Technically Speaking – SalesWays Hub Introduces Sales Tech Talk

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Sales Tech Talk

As sales professionals, we get a lot of pressure to consistently meet our targets and produce sales. Yet, a sales person is only as effective as their best sales tool. With the increasing variety of gadgets on the market that claim to increase sales productivity, it’s hard to gauge the usefulness, or rather, the effectiveness of each of these technologies in terms of sales productivity.

Everyone talks a lot about sales training, sales coaching and sales methodology, but there is little discussion about the blending of sales and technology. In our case, without technology, SalesWays wouldn’t exist. We’ve looked everywhere, and we can’t find anyone that’s really putting the focus on salespeople when looking at tech tools.

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Cross Platform BlackBerry Messenger – Make or Break Strategy

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BlackBerry BBM

If you read my previous article, then you know I am not a big fan of BlackBerry. I didn’t pay much attention to their annual conference, BlackBerry Live on May 14 (which is just a day before the Google I/O 2013 that I was excited about). One thing about the conference caught my eye through various web sources, and that is BlackBerry Messenger goes cross-platform. BlackBerry Messenger app will be available on both Android and iOS this summer. Starting with just messaging and groups, but eventually gets full featured as a native BlackBerry app.

To me, this is a big and bold move from BlackBerry. Two major advantages of BlackBerry over other vendors are Qwerty keyboard and BlackBerry Messenger. I know many people who stick with BlackBerry devices for these two features alone. By making BlackBerry Messenger available to the major platforms, they potentially give existing customers one less reason to stay.

So why did they do it? My guess is it is all about brand awareness. The new generation is all about iPhone or the latest Android devices.

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Windows Phone 8 Choices: Nokia Lumia 920, HTC 8X, or No Thanks

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Windows Phones

Last month, I wrote the article “Smartphone Battle: Apple iPhone 5, Blackberry Z10, HTC One, or Samsung Galaxy S4“, and I was surprised by the great reception. I got feedback all over the world, and someone was asking me why I excluded any latest Windows phones. Interestingly, it didn’t occur to me at the time I wrote the article. (Microsoft should rethink their marketing strategy, LOL) Joking aside, I should really talk about Windows phones, and give my opinion on them.

The Nokia Lumia 920 and HTC 8X are the high end Windows Phone 8 handsets today. The following are the brief specs.

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Smartphone Battle: Apple iPhone 5, Blackberry Z10, HTC One, or Samsung Galaxy S4

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Latest Smartphones

Technology is moving faster than ever before. New models coming out from the same vendor within nine months isn’t uncommon anymore. If you are using a smartphone over two years, it’s considered obsolete for many people.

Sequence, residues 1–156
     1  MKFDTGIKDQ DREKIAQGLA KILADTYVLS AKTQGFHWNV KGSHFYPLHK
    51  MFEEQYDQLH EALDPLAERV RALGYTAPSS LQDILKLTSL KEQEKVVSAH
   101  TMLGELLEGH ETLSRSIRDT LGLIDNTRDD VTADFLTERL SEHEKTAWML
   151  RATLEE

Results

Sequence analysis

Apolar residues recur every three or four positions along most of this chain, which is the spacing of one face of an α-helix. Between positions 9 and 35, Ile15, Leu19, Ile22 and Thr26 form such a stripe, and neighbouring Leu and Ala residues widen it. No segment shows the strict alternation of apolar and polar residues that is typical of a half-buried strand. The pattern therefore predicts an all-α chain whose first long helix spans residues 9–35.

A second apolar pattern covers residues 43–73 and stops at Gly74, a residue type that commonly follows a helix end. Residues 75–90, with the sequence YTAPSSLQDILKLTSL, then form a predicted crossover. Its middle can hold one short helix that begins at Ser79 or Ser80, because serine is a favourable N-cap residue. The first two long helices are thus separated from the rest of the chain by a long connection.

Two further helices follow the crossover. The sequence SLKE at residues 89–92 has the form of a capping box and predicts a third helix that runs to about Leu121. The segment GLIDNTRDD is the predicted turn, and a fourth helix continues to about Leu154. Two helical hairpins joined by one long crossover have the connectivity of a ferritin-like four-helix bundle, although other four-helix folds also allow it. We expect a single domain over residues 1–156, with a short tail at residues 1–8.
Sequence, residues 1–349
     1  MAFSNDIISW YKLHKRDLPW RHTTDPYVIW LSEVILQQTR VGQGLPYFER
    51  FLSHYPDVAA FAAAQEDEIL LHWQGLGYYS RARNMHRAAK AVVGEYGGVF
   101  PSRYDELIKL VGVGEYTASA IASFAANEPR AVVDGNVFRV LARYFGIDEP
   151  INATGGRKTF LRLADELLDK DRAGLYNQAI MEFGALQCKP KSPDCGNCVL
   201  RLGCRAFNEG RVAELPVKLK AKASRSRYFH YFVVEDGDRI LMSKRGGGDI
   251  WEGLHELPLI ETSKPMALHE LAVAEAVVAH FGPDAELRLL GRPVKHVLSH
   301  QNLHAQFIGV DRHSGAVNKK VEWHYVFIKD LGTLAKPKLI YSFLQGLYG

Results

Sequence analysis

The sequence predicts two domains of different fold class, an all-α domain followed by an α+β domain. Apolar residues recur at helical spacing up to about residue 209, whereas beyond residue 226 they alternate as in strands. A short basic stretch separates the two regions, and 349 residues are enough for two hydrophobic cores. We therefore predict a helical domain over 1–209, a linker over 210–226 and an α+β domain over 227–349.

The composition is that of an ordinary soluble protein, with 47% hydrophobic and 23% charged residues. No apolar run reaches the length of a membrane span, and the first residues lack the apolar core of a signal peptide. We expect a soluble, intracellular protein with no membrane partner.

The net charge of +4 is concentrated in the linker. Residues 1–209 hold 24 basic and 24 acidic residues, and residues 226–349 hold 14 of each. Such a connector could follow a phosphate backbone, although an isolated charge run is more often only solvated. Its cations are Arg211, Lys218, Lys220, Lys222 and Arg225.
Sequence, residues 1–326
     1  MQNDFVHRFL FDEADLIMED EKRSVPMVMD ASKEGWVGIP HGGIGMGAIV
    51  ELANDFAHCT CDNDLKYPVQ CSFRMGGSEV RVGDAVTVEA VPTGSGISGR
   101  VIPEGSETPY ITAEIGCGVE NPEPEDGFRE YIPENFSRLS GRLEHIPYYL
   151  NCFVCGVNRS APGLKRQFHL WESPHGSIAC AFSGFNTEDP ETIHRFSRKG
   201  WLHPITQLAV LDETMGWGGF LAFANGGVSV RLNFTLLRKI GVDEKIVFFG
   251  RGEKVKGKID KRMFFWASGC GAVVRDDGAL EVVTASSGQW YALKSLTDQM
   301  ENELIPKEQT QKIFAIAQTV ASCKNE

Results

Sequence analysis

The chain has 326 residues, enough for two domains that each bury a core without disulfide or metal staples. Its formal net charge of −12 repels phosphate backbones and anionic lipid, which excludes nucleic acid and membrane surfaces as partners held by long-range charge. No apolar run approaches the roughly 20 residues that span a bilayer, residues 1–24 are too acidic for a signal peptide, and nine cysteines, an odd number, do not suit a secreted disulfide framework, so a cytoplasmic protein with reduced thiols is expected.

I am current using a HTC Desire HD, a 2 years old model. As a high tech professional, I feel the need to upgrade to the latest generation of smartphone. What are my options? I have my eyes on the following smartphones: Apple iPhone 5, Blackberry Z10, HTC One, and Samsung Galaxy S4.

For people who aren’t familiar with all of these phones, here is a quick spec.

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Sales Tips: Why Salespeople Need Cameras

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Fuji & Me

Yes, that’s me hiding behind that camera. It is 20 years old and used size 120 film. When I was in field sales I always had a camera with me in my bag—one that was much smaller than the Fuji GW690 shown in the picture.  Today, more salespeople carry cameras because there is a camera in just about every phone that you buy.

I used my camera mostly to record the stuff that I had sold and installed, hopefully with a beaming customer smiling into the lens. Sometimes I took pictures of things that didn’t work and needed service. That way, I could help the service group to get solutions quickly.

But these were the days of film, and image making with film is a far cry from being immediate. My carry-everywhere camera in the eighties was probably the one shown on the left in the next picture, the Olympus XA. The XA from 1979 was tiny, but took very sharp pictures, and had a rangefinder to get the focusing right.

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MS Surface Update

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MS Surface Pro

I first wrote about my Microsoft Surface tablet here. I’ve had a bit of time playing with it, but not much. So, these are very much first impressions. I bought the Surface RT—let’s talk a bit about the options first.

Microsoft has introduced two Surface tablets, the Surface RT and the Surface Pro. They look similar, but they are in fact quite different. They have different hardware and different operating systems. The Surface RT is built around an ARM processor and runs with Windows RT, a subset of Windows 8 designed specifically for mobile devices and with its DNA rooted deeply in Microsoft’s earlier mobile platform, Metro. The Surface Pro is based on Intel technology and runs a full version of Windows 8.